The other thing that How The West Was Won had in common with Avatar was a predictable storyline and some truly unfortunate dialogue.  I can understand why How The West Was Won was awarded two technical Oscars (for editing and sound) but, somehow, it also picked up the award for Best Writing, Screenplay or Story.  How The West Was Won is made up of five different parts, each one of which feels like a condensed version of a typical western B-movie.  There’s the mountain man helping the settlers get down the river story.  There’s the Civil War story.  There’s the railroad story and the outlaw story and, of course, the gold rush story.  None of it’s particularly original and the film is so poorly paced that some sections of the film feel rushed while others seem to go on forever.

Some of the film’s uneven consistency was undoubtedly due to the fact that it was directed by four different directors.  Henry Hathaway handled three sections while John Ford took care of the Civil War, George Marshall deal with the coming of the railroad, and an uncredited Richard Thorpe apparently shot a bunch of minor connecting scenes.

And yet, it’s hard not to like How The West Was Won.  Like a lot of the epic Hollywood films of the late 50s and early 60s, it has its own goofy charm.  The film is just so eager to please and remind the audience that they’re watching a story that could only be told on the big screen.  Every minute of the film feels like a raised middle finger to the threat of television.  “You’re not going to see this on your little idiot box!” the film seems to shout at every moment.  “Think you’re going to get Cinerama on NBC!?  THINK AGAIN!”

Then there’s the huge cast.  As opposed to Avatar, the cast of How The West Was Won is actually fun to watch.   Admittedly, a lot of them are either miscast or appear to simply be taking advantage of a quick payday but still, it’s interesting to see just how many iconic actors wander through this film.

For instance, the film starts and, within minutes, you’re like, “Hey!  That’s Jimmy Stewart playing a mountain man who is only supposed to be in his 20s!”

There’s Debbie Reynolds as a showgirl who inherits a gold claim!

Is that Gregory Peck as a cynical gambler?  And there’s Henry Fonda as a world-weary buffalo hunter!  And Richard Widmark as a tyrannical railroad employee and Lee J. Cobb as a town marshal and Eli Wallach as an outlaw!

See that stern-faced settler over there?  It’s Karl Malden!

What’s that?  The Civil War’s broken out?  Don’t worry, General John Wayne is here to save the day.  And there’s George Peppard fighting for the Union and Russ Tamblyn fighting for the Confederacy!  And there’s Agnes Moorehead and Thelma Ritter and Robert Preston and … wait a minute?  Is that Spencer Tracy providing narration?

When Eli Wallach’s gang shows up, keep an eye out for a 36 year-old Harry Dean Stanton.  And, earlier, when Walter Brennan’s family of river pirates menaces Karl Malden, be sure to look for an evil-looking pirate who, for about twenty seconds, stares straight at the camera.  When you see him, be sure to say, “Hey, it’s Lee Van Cleef!”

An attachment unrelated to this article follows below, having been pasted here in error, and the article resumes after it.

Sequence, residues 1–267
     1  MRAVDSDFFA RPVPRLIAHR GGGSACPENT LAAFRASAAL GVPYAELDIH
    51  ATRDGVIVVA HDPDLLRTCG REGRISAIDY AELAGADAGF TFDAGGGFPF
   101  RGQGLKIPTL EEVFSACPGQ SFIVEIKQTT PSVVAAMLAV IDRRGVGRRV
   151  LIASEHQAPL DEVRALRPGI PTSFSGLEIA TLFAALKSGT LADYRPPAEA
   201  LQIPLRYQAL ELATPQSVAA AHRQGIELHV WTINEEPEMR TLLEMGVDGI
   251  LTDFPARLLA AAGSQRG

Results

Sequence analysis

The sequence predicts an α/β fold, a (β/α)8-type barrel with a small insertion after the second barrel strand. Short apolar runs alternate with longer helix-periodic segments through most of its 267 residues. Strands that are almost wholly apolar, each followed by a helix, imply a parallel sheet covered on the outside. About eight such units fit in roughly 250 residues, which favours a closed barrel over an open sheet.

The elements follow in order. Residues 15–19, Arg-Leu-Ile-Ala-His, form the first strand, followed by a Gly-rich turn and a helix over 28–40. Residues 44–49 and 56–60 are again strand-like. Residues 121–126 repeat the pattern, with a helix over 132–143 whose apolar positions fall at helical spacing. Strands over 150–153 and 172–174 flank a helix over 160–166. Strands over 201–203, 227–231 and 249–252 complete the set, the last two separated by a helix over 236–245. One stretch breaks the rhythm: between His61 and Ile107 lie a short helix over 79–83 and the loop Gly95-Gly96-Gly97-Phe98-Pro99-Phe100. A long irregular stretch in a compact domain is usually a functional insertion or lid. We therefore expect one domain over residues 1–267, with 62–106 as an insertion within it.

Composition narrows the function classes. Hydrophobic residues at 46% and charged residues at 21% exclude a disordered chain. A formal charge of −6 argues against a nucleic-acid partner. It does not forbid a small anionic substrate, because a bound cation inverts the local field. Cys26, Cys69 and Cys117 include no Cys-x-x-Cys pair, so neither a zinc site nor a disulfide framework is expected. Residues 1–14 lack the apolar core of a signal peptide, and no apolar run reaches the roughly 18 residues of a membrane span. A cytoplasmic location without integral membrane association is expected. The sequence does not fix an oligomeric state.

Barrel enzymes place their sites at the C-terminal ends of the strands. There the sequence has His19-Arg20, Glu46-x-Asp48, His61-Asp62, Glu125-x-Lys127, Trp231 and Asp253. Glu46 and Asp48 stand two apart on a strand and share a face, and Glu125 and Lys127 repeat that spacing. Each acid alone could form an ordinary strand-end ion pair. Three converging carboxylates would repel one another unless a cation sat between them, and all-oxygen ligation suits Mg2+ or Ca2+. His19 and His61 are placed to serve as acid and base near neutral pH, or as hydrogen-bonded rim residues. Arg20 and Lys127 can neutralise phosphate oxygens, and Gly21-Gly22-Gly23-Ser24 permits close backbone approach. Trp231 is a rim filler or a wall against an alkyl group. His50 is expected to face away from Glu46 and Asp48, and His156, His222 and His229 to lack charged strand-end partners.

How The West Was Won is a big, long, thoroughly silly movie but, if you’re a fan of classic film stars, it’s worth watching.  It was a huge box office success and picked up 8 Oscar nominations.  It lost best picture to Tom Jones.

(By the way, in my ideal fantasy world, From Russia With Love secured a 1963 U.S. release, as opposed to having to wait until 1964, and became the first spy thriller to win the Oscar for Best Picture.)

Celebrate National Trivia Day With The Actors Who Could Have Been James Bond!


 

Today is National Trivia Day so I thought why not share some trivia?  I love film trivia.  I especially love trivia about who was considered for certain films.  Hell, one of my most popular posts on the Shattered Lens dealt with all of the actors who were considered for the Godfather!

(I even came up with an alternative cast for The Godfather, even though I consider the actual film to be the best cast film in history.)

I also happen to love the James Bond films.  (Well, not so much the recent Bond films.  I’ve made my feelings on SPECTRE clear.)  As a franchise, I absolutely love them.  So, with all that in mind, here is a look at the actors who could have been Bond.  I’ve compiled this article from many sources.  And yes, you could probably just find a lot of the information on Wikipedia but then you’d miss out on my editorial commentary.

Hoagy Carmichael

Ian Fleming himself always said that his pick for Bond would have been the musician, Hoagy Carmichael.  He even made a point, in Casino Royale, of having Vesper Lynd exclaim that Bond looked like Hoagy Carmichael.  Of course, the first actor to actually play Bond was Barry Nelson in a 1954 television adaptation of Casino Royale.  Nelson is probably best remembered for playing Mr. Ullman in Stanley Kubrick’s The Shining.

Barry Nelson, the first James Bond

When Dr. No went into production in 1961, many actors were considered for the role before Sean Connery was eventually cast.  Many of them were very well-known actors and, had they been cast, Dr. No would not have been remembered as a Bond movie.  Instead, it would be remembered as a star vehicle for … well, let’s take a look at some of the better-known possibilities:

Among the famous actors who were mentioned for Bond in 1961: Cary Grant, Richard Burton, James Mason, Trevor Howard, Stanley Baker, George Baker, Jimmy Stewart, Rex Harrison, and David Niven.  (Of that list, I think Burton would have made for an interesting Bond.  If the Bond films had been made in the 1940s, Grant would have been my first choice.  Trying to imagine Jimmy Stewart as a British secret agent is … interesting.)